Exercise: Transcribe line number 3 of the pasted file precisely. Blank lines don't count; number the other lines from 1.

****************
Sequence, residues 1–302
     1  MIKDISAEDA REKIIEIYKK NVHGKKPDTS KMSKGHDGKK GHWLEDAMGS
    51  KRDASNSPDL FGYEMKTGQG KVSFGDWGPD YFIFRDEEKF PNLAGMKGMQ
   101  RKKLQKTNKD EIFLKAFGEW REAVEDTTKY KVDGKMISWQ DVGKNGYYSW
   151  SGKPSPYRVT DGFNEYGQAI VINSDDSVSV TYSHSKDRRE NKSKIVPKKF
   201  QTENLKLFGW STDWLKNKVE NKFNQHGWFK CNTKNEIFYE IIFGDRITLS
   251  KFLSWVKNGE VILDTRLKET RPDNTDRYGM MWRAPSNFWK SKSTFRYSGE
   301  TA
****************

    51  KRDASNSPDL FGYEMKTGQG KVSFGDWGPD YFIFRDEEKF PNLAGMKGMQ